Monthly Archives September 2019

First New Crop Sultana & Currant Shipments On The Way

Shipments of Turkish sultanas are underway and expected to land in the UK at the end of this month.

There is an exceptionally high demand for new material due to the temporary shortage of unsold raw material in the UK. The harvest in Turkey is ongoing despite some reports of intermittent rainfall, although has not affected the quality of the crop. However, the rain will affect the colour of the fruit, darkening the skin and increasing the quantity of type No.8 sultanas against type No.9 and type No.10 quality.

Early reports have shown that the percentage of fruit dried as raisins by Turkish farmers this year will be less than the previous year. On following this, there may be a slightly higher difference in price for Turkish raisins. Currently, raisins are commanding a USD 100-150/Tonne premium over sultanas.

There have been positive reports that the first shipments of Greek Currents are leaving the port of Piraeus. There has been information that the shipment is of good quality and quantity with an expected volume of around 20,000 – 22,000 tonnes.

UK demands for Greek currents are steady. The UK market have recently drifted away from currents due to higher prices and lack of availability. However, Currents are a traditional ingredient for a number of seasonal lines, such as Christmas puddings and mincemeat so sales should intensity up to the run up to Christmas.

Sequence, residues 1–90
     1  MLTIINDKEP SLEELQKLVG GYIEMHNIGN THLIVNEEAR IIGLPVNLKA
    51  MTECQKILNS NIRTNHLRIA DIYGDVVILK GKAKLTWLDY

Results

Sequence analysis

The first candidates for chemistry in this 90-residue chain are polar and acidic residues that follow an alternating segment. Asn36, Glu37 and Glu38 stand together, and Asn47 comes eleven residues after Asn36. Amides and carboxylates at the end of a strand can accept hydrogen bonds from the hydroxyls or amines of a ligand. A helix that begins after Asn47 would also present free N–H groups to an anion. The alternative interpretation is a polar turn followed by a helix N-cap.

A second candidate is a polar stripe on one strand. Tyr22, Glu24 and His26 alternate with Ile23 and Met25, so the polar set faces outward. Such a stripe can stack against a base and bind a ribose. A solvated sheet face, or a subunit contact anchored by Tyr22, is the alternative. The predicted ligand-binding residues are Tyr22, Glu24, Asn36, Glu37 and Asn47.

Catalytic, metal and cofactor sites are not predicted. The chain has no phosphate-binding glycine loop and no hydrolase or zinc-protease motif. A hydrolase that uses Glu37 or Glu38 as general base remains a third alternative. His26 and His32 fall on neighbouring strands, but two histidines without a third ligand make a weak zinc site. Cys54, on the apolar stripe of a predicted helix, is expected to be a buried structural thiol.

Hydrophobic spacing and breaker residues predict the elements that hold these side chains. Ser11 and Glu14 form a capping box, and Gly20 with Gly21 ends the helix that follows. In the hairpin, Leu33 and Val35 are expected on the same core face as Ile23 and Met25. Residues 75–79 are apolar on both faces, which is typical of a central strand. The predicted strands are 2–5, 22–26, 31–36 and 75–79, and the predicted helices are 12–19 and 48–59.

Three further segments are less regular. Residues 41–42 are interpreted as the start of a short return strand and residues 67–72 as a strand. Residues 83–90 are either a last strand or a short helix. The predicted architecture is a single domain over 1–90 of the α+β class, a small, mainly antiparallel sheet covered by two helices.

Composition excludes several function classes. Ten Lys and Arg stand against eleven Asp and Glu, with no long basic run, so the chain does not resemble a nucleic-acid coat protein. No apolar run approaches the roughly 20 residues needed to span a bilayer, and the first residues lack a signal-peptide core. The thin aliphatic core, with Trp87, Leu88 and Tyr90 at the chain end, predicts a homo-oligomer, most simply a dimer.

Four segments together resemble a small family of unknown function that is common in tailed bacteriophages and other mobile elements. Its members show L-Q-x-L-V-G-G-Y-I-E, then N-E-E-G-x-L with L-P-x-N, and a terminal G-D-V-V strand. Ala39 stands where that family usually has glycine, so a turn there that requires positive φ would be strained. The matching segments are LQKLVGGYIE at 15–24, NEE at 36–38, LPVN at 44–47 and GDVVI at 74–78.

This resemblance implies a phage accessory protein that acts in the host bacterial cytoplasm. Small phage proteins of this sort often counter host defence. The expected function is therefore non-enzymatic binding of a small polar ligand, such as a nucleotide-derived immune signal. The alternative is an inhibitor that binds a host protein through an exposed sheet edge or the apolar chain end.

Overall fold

It has been reported that China’s crop of raisins and sultanas this year is larger, however this has coincided with an increase domestic demand. China has been a growing market for California raisins but at present duty is payable at over 50% on US raisins so sales have slumped. These have been replaced by exports from Uzbekistan and Chile, which have a nil duty agreement with China.

Imports of Chinese raisins to the EU and the UK market are likely to be modest this year as, despite a lower price, UK buyers prefer the quicker shipment and ready availability of fruit form Turkey. South Africa, California and Australia are likely to continue to supply the UK market with premium grade fruit, albeit at a higher price.